If you have a lot of rings to dredge, it may be faster to put the flour in a bag and then place several rings at a time in the flour. Shake the bag until all rings are well coated and then remove the rings from the bag.

          Prepare batter:
          • Mix 1 1/2 cups of flour, 1 1/2 tsp. of salt, 1 1/2 tsp. of baking powder, and 2 tsp. of sugar in a bowl and set aside.
          • Blend together 2 eggs, 1 1/4 cup of milk, and 1/4 cup of vegetable oil.
          • Add flour mixture and beat until well blended.
          Add 1 inch of oil to a deep-sided pan. Heat oil to 375°F. If oil is not hot enough, the onion rings will be greasy when cooked. If it is too hot, the batter will brown too quickly and the onions will not be cooked thoroughly.
          Dip flour coated onion rings into the batter until entire ring is coated. Allow excess batter to drip off before placing in the hot oil.
          Place batter coated rings into the hot oil. Place several rings in the hot oil at a time but do not overcrowd the rings. This will allow them to cook evenly.
          Fry rings rings until they are golden brown on the first side and then turn to cook on the second side.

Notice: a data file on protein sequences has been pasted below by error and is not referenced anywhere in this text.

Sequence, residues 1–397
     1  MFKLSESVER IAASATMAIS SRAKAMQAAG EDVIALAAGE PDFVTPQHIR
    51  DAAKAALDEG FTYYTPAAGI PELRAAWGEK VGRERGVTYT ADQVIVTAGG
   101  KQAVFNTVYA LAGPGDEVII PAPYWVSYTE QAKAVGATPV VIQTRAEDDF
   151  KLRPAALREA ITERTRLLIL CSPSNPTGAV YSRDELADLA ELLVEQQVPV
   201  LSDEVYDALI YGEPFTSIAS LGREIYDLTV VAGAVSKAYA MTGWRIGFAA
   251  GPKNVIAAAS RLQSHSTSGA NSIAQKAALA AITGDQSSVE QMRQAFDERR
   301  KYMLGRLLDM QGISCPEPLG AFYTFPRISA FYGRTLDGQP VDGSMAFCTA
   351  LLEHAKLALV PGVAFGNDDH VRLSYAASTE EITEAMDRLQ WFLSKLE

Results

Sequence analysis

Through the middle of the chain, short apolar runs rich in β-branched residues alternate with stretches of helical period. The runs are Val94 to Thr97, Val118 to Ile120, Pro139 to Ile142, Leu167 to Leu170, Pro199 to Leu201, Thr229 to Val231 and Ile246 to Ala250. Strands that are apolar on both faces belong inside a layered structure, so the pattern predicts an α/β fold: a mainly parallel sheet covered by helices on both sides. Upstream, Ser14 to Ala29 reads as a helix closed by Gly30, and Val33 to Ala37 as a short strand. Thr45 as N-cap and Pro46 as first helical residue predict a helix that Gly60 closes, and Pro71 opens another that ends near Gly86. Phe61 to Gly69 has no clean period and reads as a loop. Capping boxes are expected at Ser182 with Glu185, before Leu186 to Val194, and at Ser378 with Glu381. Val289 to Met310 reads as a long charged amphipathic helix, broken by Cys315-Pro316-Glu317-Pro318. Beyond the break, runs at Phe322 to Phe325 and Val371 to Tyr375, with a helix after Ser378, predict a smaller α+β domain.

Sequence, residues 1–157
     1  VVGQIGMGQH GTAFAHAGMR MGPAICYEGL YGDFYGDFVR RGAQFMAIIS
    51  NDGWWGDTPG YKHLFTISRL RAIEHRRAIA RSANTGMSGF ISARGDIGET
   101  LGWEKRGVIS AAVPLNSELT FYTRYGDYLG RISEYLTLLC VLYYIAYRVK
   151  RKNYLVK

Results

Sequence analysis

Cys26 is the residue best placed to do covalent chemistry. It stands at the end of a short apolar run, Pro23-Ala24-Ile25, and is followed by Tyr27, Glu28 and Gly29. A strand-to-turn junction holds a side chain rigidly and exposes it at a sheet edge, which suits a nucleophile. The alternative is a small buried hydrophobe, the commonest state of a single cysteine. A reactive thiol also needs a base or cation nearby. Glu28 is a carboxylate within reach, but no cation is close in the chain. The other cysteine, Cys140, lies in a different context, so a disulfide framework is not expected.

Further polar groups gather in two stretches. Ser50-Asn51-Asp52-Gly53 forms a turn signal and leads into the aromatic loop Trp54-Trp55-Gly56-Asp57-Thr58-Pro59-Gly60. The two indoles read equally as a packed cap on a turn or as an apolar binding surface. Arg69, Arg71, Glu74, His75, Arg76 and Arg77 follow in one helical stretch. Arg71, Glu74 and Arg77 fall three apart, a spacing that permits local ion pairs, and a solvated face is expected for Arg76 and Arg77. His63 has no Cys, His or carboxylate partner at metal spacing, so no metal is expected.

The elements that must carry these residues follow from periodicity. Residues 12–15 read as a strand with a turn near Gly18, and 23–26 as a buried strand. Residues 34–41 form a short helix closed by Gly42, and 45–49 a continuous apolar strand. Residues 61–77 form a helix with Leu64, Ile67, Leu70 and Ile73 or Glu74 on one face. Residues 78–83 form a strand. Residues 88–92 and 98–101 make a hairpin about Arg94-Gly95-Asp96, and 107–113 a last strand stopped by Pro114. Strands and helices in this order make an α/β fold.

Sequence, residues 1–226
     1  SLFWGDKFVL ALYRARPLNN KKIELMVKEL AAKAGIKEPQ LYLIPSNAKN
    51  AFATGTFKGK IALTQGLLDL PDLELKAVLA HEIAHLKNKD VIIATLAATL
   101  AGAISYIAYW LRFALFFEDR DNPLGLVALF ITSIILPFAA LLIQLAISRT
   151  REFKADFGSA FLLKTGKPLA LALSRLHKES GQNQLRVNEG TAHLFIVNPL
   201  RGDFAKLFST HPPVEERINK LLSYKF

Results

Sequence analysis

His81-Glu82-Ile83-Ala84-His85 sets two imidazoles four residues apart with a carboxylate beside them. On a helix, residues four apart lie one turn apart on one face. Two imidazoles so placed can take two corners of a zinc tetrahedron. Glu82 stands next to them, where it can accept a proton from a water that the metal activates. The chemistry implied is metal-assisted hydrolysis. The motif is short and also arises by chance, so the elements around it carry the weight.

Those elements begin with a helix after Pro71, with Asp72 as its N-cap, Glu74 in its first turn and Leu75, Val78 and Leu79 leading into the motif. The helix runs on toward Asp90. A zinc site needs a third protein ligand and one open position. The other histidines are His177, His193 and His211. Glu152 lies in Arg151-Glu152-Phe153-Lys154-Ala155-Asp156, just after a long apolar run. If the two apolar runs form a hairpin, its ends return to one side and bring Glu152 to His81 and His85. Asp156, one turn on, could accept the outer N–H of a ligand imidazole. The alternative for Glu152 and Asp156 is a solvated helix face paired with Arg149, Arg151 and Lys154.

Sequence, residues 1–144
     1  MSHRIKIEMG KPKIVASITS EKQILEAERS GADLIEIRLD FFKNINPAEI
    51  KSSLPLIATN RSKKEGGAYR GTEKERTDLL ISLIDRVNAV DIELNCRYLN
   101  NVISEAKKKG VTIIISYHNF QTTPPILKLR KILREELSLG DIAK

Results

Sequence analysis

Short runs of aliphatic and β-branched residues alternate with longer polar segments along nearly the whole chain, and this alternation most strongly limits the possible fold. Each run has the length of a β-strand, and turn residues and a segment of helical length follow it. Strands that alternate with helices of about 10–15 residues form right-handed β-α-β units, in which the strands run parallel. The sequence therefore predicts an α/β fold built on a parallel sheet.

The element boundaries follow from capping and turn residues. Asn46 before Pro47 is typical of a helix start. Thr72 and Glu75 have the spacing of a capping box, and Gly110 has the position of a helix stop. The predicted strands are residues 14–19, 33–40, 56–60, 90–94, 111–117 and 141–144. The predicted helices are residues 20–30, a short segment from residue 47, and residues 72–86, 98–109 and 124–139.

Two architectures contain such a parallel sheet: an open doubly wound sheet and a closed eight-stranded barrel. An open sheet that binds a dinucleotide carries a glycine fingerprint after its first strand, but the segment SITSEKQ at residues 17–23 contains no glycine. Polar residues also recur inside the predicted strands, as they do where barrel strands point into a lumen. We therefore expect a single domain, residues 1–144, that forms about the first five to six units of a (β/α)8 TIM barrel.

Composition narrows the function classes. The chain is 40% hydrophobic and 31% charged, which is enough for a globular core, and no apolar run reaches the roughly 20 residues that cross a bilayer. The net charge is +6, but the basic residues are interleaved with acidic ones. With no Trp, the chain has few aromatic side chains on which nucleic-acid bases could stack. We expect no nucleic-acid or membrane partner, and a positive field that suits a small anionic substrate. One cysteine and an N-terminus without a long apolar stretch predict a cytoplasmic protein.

When rings are golden brown on both sides, remove the rings from the oil and place on a paper towel lined baking sheet for oil to drain off. To keep hot, place baking sheet, with finished onion rings, in an oven preheated to 300°F until all rings are done. When rings are done, serve immediately while hot.

          Baked Onions

            1. Place whole onions in a baking dish. Leave onions in their skin but remove any dry papery outer layer.
            2. Place onions uncovered in a preheated 425º F oven.
            3. Bake onions until tender, 40-50 minutes. Check doneness by poking with a toothpick.

          Boiled Onions

            1. Trim ends of onions and peel.
            2. To help onions stay intact and hold their shape better, cut an X into the stem end of the onion.
            3. Fill a saucepan with enough water to just cover the onions and bring to a boil.
            4. Place the onions in the boiling water and reduce heat to a gentle simmer. Do not boil rapidly.
            5. Cooking time may range from 10 minutes to an hour, depending on whether the onions are small pearl or boiling onions or if they are larger onions, such as a Spanish onion.

          Grilled Onions

          Grilling Quartered Onions:

          Peel and quarter onions as shown in Onion Prepartion - Cutting into Quarters. Soak bamboo skewers in water for at least 30 minutes before placing onions on them.